The Mighty Viking

Conquering those things we must, one story at a time

Archive for July, 2020

The PNW (as I see it)

Had an interesting friend request on Facebook yesterday – someone from Germany wanting to know about the PNW (Pacific NorthWest, for the uninitiated) with an interest in moving here.

It was odd, and normally I’d dismiss it as a scammer. But something about the profile and initial conversation caught my attention. Ive noticed that many Germans don’t have the same social paranoias we have here in the US, so maybe, I thought, it was genuine.

So I answered.

And then I thought… dang, that was a lot of writing to just tell one person. So hey, if you want to know my take on the PNW, as told to a possible immigrant, here it is.

Its long.

They’re probably in an information overload coma right now:

“The questions you ask don’t have a single answer. But I can give you an overview of the region, as I’ve lived here in various places and climates.

Oregon and Washington have a clear ecological, and cultural transitions due to two major north-south mountain ranges that come up from California, and independent ranges in Canada.

The west coast is a rain forest. It is wet, and the vegetation is lush. Trees are big, and the communities there mostly evolved from logging, fishing, and farming. Tillamook is famous for its cheese, and we lived on a farm there for several years.

Just a few miles inland, the coast range traps the weather as it comes in off the Pacific, which creates the climate for the Pacific Northwest rain forest. In Oregon, the coastal mountains aren’t that tall, but the northwest corner of Washington has the Olympic Mountain range, quite tall, imposing, and beautiful. And the places west of it can get over 200 inches of rain a year.

Moving eastward, which is how everything is thought about here, a long valley reaches from about the middle of Oregon (Roseburg) all the way to Seattle. This is the cradle in which most of the Oregon/Washington community has evolved. Rich farmland, mild weather, easy terrain and access to wilderness recreation within easy driving distance make it a perfect combination of living conditions, and most of the population of these two states resides there.

The Cascade Mountain range is a rugged volcanic range that divides the states physically, environmentally, and culturally. To the west, the culture comes from a life of easy abundance, tech and manufacturing industry, and social activism, (which if I might inject a personal opinion, has become a contest to see who can be the weirdest). I am no lover of cities in general, but I used to love Portland. It has changed in recent years though – not for the better. Too many people. But it still is a beautiful city, as is Seattle for Washington. Each is the predominant political power, as it holds a majority of the citizens.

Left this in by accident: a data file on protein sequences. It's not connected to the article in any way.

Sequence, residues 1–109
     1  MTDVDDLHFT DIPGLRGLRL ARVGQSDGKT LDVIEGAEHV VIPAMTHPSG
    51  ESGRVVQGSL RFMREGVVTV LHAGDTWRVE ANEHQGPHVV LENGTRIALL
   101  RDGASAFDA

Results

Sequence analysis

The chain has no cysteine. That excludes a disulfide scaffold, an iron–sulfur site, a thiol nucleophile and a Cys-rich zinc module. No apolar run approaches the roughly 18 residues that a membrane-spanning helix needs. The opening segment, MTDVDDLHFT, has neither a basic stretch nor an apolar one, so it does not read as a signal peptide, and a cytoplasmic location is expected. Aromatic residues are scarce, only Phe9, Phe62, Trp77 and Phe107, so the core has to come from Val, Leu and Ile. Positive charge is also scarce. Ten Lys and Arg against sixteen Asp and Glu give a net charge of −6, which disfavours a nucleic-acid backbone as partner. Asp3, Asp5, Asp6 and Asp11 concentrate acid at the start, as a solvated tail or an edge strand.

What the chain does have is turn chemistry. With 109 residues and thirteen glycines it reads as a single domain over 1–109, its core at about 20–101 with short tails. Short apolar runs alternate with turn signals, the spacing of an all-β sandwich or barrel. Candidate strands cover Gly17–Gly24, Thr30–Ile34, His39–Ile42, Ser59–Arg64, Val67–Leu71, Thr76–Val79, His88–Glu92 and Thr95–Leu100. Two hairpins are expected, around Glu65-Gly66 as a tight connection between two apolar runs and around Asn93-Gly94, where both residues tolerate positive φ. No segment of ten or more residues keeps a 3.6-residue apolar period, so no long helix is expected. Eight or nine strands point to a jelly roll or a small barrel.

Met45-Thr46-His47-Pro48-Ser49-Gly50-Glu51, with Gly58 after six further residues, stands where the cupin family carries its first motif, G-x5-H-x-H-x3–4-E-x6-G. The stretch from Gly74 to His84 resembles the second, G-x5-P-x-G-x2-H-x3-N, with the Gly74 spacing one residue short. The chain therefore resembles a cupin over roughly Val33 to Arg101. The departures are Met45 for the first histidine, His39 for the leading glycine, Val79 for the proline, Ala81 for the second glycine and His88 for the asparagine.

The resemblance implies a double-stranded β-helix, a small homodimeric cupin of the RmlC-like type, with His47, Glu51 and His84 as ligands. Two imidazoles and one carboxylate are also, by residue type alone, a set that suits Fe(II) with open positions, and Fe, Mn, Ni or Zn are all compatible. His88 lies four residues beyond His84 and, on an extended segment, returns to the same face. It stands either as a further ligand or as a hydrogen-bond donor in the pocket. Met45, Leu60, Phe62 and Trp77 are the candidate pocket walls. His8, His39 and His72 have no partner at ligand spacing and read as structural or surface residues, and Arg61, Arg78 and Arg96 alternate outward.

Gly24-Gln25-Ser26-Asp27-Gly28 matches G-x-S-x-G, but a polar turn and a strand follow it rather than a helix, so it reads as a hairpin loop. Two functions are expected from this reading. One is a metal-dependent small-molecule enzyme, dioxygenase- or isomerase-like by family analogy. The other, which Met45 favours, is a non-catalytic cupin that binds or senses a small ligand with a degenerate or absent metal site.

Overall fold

The mountains themselves are not conducive to large-scale settlement, so much of it functions as recreation wilderness or home to a certain breed of individualist.

To the east of the Cascades, the climate is desert-like. We have two kinds of deserts in the American West – Desert, and “High Desert”. As opposed to the coastal regions, the living regions of Central Oregon are at a bit of altitude – 3-4000ft – and is largely classified as High Desert. It is comparatively dry, though pine trees abound around its fringes, sage brush dominates much of the landscape traveling eastward and southward, dry climate conifers dominate further north in the east.

The people here in Central (and eastern) Oregon are often ranchers of cattle, sheep. A lot of hay is grown, supplying much of the state and beyond. In Bend, the biggest of the small central Oregon cities, the economy is controlled by ranchers, and people connected to the recreation Industries of skiing, biking, hiking, and river sports like kayaking and fishing. Recreation is a big deal there. The confluence of ranching and recreation is a constant source of strife, but we try to get along. Mostly.